Music critic Goldman's ( The Lives of John Lennon ) no-holds-barred essays, most near-antiques from the late '60s and early '70s, bear witness to the heady origins and disillusioned outcomes of the original hippie, glitter rock and disco trends. He describes Elvis Presley as a burlesque dancer who inspired Dionysian frenzies; views Ray Charles as the first musician to ``sacriligiously blend gospel and blues''; praises the Who's rock opera Tommy ; and considers jazz artist Miles Davis the first creator of psychedelic music. Hindsight lends new meaning to such emphatic statements as ``Acid-rock is the closest approximation yet to an authentic white soul,'' and, from 1974, ``History will not pause long over . . . Led Zeppelin195 .'' Goldman knowledgeably analyzes the transition from blues to R & B to soul, and exults in nights at Harlem's Apollo Theater; however, his clear admiration of black culture suffers from dated '60s terminology and many of his comments on ``the Negro'' would be unacceptable today. This evocative collection, by turns jubilant, cynical, visionary and misguided, reminds '90s hipsters of their musical forebears. (May)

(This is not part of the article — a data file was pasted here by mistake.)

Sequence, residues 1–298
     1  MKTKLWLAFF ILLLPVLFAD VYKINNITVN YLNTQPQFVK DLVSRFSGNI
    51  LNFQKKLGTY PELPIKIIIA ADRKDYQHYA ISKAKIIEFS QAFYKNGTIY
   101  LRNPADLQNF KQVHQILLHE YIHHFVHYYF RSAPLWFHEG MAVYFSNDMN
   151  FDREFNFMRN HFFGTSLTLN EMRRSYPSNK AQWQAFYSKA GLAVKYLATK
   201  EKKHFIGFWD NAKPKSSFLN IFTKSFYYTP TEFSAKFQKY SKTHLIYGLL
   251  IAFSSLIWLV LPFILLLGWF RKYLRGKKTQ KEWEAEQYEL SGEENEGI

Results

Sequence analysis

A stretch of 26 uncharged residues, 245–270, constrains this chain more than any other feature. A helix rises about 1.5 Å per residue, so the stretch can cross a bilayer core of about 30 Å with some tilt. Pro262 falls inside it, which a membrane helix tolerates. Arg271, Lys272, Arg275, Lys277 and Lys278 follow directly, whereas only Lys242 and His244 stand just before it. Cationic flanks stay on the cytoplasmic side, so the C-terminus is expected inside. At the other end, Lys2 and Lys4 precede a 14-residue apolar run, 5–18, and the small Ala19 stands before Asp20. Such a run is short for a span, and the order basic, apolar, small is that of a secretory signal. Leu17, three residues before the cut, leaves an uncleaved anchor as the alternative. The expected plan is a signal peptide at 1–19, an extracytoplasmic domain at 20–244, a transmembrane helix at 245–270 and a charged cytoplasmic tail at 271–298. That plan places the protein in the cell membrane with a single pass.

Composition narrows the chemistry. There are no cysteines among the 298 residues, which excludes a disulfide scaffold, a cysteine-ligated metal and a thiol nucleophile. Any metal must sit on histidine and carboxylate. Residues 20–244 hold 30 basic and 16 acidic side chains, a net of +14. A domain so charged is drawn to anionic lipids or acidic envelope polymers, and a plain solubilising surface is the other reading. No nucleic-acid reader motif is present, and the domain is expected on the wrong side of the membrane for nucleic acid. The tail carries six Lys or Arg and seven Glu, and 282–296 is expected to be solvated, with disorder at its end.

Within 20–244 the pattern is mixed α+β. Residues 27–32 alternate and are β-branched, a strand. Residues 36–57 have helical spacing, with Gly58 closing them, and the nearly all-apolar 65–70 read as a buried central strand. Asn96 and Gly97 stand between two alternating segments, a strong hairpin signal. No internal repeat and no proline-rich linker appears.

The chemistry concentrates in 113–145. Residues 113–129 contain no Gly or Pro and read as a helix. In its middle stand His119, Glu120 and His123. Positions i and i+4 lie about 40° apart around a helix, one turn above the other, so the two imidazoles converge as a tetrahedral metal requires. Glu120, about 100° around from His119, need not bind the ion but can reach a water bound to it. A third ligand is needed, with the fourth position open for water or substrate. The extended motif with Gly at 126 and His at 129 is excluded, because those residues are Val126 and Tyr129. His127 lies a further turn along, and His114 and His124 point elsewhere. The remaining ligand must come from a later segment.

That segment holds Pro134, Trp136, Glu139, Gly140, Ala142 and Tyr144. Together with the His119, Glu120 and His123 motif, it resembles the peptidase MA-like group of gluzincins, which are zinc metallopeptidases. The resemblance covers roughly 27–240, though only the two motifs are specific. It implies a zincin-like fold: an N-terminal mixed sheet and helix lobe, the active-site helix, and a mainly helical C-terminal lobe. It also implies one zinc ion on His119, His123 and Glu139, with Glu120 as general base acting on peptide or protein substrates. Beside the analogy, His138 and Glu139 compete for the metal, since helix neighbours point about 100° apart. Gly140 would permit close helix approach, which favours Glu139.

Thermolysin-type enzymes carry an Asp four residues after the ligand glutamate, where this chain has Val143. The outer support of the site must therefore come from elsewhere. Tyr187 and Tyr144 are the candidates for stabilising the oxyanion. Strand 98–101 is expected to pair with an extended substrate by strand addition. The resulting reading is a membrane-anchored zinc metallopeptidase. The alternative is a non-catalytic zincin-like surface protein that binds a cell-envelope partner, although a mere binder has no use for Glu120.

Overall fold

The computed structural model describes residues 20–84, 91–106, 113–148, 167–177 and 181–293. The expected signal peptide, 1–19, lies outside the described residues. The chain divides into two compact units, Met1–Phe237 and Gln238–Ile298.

Most of the pieces in this collection were written while Goldman was a rock critic for establishment journals like Life and New York magazine from 1968 to 1971. Like the reporter in Bob Dylan's ``Ballad of a Thin Man,'' Goldman knows something is happening but he's not sure what it is. While often contemptuous of rock music and musicians, he occasionally gushes over someone like an overheated Tiger Beat reader. Jim Morrison comes in for much praise, not only as a singer and songwriter, but also for ``his strong classically formed head . . . his sensuously curved lips'' and his ``faun-like sexuality.'' Since a Morrison biography is next for this Kitty Kelley of the rock scene, his impressions in 1968 are intriguing. The pieces on jazz and blues have an objectivity not found in the rock articles and are quite good. Libraries expecting the controversy of Goldman's Elvis (St. Martin's, 1991) or The Lives of John Lennon (Morrow, 1988) should save their money for the Morrison biography.-- Dan Bogey, Clearfield Cty. P.L. Federation, Curwensville, Pa .